Saturday, July 13, 2024
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Reduced weekend service at Pontiac Hospital due to respiratory therapist shortage

ER open in Shawville but serious trauma cases being sent to Hull or Pembroke

Charles dickson
shawville July 28, 2023
As of last Friday, there are no respiratory therapists on duty on weekends at the Pontiac Hospital in Shawville.
While the ER in Shawville remains open seven days a week, in emergency situations between late Friday afternoon and early Monday morning involving trauma levels requiring intubation, patients will be transported directly to a hospital in either Hull or Pembroke, rather than Shawville.
The decision was announced in a press release issued on Thursday by the Integrated health and social services center of the Outaouais, known by its French acronym CISSSO (Le Centre intégré de santé et de services sociaux de l’Outaouais).
The announcement (translated from the original French) said that “due to the shortage of respiratory therapists, [there will be] a reorganization of activities in the operating room and intensive care unit at the Pontiac Hospital in Shawville, starting Friday, July 28 at 3:30 p.m. until Monday, July 31 at 7:30 a.m., and for all subsequent weekends indefinitely. During these periods, we are obliged to suspend activities requiring the support of a respiratory therapist.”
It said that while the emergency department and all other Pontiac Hospital services will remain in operation, the Hull and Pembroke hospitals would receive trauma victims, when necessary, as of 3:30 p.m. on Fridays.
On weekdays, the operating room and intensive care unit at the Pontiac Hospital will resume their usual activities with respiratory therapy coverage, 24 hours a day.
“It is therefore vital that the region’s population continues to come to the hospital for timely and appropriate care,” said the CISSSO press release.
News of these changes comes following the recent departure of two respiratory therapists from the hospital staff.
According to an employee at the hospital who is in a position to be familiar with the situation but is not authorized to speak to the media, it was in an effort to provide a manageable workload for the two respiratory therapists who remain that the decision was taken to send patients who require services involving intubation and use of a respirator to other hospitals over the weekend.
The source confirms that the emergency room, complete with doctors and nurses, will remain open at the hospital throughout weekends, as usual, but that paramedics responding to emergency situations involving high levels of trauma requiring intubation would transport patients directly either to the Hull or Pembroke hospital.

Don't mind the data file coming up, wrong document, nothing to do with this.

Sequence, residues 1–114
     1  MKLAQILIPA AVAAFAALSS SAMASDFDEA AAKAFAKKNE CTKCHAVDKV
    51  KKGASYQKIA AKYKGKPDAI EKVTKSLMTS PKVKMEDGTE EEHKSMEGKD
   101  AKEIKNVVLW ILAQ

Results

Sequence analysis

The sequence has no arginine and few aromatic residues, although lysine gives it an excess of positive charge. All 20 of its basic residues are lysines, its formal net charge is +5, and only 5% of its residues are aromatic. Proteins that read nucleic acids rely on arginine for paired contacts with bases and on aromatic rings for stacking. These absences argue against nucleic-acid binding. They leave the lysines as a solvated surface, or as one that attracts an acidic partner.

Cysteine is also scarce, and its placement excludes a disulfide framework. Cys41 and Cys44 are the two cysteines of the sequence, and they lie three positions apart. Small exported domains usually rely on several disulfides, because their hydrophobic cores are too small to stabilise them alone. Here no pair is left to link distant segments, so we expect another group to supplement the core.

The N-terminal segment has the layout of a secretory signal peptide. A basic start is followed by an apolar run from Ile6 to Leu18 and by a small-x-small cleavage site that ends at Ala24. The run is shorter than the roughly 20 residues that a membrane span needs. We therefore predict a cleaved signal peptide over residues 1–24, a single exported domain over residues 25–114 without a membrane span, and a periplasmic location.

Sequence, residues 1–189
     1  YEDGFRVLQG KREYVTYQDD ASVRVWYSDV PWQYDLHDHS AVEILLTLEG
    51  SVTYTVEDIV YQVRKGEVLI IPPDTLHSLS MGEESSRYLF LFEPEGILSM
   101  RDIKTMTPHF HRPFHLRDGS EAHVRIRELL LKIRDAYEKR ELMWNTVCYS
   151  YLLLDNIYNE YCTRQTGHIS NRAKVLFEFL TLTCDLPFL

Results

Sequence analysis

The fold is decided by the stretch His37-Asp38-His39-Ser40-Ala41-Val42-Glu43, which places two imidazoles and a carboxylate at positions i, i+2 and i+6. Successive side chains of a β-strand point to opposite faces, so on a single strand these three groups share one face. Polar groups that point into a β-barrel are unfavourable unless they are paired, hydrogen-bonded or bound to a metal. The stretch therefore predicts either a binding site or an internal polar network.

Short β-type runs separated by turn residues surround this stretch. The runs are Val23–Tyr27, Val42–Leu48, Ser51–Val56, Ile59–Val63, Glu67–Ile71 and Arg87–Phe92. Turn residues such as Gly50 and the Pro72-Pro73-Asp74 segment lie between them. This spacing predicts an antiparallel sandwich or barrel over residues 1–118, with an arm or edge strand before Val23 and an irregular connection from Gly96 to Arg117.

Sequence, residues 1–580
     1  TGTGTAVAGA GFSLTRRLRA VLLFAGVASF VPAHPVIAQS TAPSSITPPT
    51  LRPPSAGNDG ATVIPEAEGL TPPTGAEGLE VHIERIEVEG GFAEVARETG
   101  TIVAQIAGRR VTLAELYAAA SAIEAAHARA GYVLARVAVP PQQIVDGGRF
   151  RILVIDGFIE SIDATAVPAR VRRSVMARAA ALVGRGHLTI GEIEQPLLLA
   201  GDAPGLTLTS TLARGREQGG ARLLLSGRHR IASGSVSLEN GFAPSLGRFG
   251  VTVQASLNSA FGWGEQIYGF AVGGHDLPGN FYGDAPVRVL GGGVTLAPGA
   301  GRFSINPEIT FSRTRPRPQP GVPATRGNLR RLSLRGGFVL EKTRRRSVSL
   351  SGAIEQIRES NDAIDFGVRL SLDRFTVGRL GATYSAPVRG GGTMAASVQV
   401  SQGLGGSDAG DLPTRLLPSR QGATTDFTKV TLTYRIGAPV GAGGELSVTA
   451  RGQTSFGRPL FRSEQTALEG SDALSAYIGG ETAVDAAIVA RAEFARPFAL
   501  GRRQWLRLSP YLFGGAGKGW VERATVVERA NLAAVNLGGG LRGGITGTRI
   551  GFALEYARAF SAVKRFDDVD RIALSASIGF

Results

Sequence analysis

CHRONIC STAFF SHORTAGE

“We have a chronic shortage of staff in multiple areas, and now in respiratory therapy,” Josey Bouchard told THE EQUITY on Friday.
“The local decision makers are doing what they can, but you can’t tie an employee to a hospital bed, you can’t prevent them from leaving,” she said.
As the spokesperson for Pontiac Voice, a health service advocacy group in the Pontiac, Bouchard is also a member of the Local Services Network, a committee set up by CISSSO to raise concerns regarding health and social services needs in the area.
“It’s frustrating because it has been a long time that we’ve been getting more and more short of staff, and the Outaouais is particularly concerned with that because of the attractiveness of the other side of the river, where there’s better pay, better work conditions,” said Bouchard, enumerating some of the challenges in maintaining staff at the Shawville facility.
“Many are going into retirement. During COVID, older nurses and doctors stayed on to hold the fort, but they’re now leaving in greater numbers.”
“Young people now, if they have work conditions that will take away from their family and leisure time, it’s a less attractive job and they will work somewhere else,” said Bouchard.
“And there are not that many nurses coming out of schools.”
“Fundamentally, we have to rethink how the job is being done. Having weird schedules and stuff like that, it’s hard, it’s a hard job,” she said.
Bouchard said that local management has an aggressive recruitment effort underway, but that housing is an issue.
“Depending on what they’re doing, they have to be within a certain distance of the hospital. For some things, it’s under 30 minutes.”